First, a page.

Ann was such a humble person. I never truly understood her stature until a trip in the early 80s to a NACHC (National Association of Community Health Centers) conference in Washington, DC. So many people were coming up to us, excited to meet us, looking at our name tags and commenting, ‘Oh, you’re from Lamprey.’ That recognition on a national stage was because of Ann, and we were only a few years into her tenure at that point. It was the first time I realized how valued our work was to the nation. Little did we know when we interviewed her, all that she would accomplish. She more than exceeded our vision, but this was not surprising, as hers was limitless.

 

The Good Ol’ Boss

Sandy Pardus, Chief Financial Officer, 1983-2014

Ann would do crazy stuff. One of my favorite adventures with her was when we were on Cape Cod for a NECHCA (New England Community Health Center Association) conference. It was the night of the Perfect Storm in 1991. We had finished up the conference and stopped for dinner. We were with David Reynolds and Cornell Scott, two other Community Health Center leaders. We noticed that there were these two doors in the restaurant that a stream of people kept ducking into, but we couldn’t tell what was going on. As we were getting ready to leave, Ann insisted we check it out. It turned out to be a Halloween party; people decked out from head to toe in wild costumes. Instead of driving home, Ann leads our group to the dance floor. Despite the storm raging outside and the several hours of driving ahead of us, she had a blast kicking up her heels with strangers dressed as witches and zombies.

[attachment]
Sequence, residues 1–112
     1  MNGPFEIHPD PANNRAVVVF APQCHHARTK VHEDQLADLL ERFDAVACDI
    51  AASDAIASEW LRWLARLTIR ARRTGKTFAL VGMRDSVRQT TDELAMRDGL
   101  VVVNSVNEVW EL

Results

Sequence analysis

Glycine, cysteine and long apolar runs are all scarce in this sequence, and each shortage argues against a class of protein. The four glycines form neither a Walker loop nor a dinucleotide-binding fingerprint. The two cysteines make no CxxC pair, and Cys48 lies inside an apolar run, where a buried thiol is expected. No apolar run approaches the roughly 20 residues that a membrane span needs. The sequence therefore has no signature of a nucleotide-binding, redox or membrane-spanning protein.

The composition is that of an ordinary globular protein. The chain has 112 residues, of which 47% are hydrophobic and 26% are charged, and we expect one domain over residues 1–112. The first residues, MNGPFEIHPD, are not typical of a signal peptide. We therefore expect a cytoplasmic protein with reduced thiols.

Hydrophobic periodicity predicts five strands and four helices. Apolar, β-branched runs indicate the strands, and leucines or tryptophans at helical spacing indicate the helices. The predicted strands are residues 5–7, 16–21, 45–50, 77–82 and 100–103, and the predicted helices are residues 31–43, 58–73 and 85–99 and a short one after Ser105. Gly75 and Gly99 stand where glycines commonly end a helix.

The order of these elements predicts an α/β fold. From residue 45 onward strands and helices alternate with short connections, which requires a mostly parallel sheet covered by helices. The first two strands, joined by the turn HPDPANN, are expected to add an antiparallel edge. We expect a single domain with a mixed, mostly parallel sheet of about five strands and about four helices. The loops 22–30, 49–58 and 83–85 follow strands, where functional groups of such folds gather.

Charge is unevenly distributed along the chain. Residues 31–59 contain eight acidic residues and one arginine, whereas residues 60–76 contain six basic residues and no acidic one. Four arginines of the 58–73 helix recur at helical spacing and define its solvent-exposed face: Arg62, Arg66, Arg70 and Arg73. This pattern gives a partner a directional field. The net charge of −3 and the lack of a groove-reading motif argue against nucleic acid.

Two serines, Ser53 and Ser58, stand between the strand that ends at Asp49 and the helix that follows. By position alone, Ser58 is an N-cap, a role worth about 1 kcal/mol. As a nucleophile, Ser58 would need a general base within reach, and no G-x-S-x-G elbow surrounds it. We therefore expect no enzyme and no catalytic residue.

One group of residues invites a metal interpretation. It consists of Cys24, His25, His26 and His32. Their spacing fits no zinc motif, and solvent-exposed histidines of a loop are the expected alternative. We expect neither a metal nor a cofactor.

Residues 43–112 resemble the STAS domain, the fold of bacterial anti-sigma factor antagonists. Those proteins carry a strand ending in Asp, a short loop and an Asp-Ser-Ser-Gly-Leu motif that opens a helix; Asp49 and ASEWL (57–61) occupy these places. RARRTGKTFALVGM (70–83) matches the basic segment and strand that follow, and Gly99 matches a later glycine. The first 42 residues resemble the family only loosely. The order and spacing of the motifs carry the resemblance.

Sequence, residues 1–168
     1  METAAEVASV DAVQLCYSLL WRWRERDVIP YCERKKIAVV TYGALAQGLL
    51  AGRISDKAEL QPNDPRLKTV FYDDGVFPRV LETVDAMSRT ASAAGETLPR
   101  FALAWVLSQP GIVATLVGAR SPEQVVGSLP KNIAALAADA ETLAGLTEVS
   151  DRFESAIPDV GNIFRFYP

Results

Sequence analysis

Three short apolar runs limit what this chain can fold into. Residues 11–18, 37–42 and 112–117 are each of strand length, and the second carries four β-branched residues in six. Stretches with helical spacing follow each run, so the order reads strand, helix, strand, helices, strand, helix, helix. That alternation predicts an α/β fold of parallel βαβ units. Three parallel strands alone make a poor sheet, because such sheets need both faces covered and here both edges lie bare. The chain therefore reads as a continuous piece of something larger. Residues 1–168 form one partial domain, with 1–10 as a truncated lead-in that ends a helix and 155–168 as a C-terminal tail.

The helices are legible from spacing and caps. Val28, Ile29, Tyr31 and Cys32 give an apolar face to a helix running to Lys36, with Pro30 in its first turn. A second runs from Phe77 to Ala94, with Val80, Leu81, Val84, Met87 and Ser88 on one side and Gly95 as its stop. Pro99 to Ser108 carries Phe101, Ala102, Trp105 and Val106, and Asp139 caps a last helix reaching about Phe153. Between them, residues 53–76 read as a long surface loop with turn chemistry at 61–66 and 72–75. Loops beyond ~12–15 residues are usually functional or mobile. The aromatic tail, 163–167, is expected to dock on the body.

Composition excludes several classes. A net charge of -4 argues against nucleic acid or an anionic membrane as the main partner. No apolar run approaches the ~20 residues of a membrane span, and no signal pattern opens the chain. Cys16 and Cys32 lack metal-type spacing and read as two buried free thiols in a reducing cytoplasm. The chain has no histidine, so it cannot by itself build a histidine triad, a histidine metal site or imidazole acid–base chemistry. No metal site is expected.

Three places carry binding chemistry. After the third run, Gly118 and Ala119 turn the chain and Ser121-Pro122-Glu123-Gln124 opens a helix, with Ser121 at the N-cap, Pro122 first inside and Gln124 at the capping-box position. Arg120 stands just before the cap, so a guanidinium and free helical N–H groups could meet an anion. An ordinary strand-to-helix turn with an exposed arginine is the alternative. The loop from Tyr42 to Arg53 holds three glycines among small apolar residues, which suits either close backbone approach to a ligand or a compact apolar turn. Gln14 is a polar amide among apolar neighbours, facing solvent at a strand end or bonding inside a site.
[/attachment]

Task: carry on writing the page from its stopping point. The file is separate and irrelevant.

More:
Ann was just so much fun, so knowledgeable, larger than life really. You can’t possibly begin to describe her. Everyone knew of her love of gardening, but she also loved to give. When I got married, she did all the flowers for my wedding. She grew them and made all the arrangements. At that point, I had only worked for Lamprey for three years. Just think about that. How many people can say their boss would do something like that? And it came from a place of kindness and generosity. I always think of her as the good ol’ boss. Everyone mattered to her. She was an unbelievable person who cared deeply and shared deeply.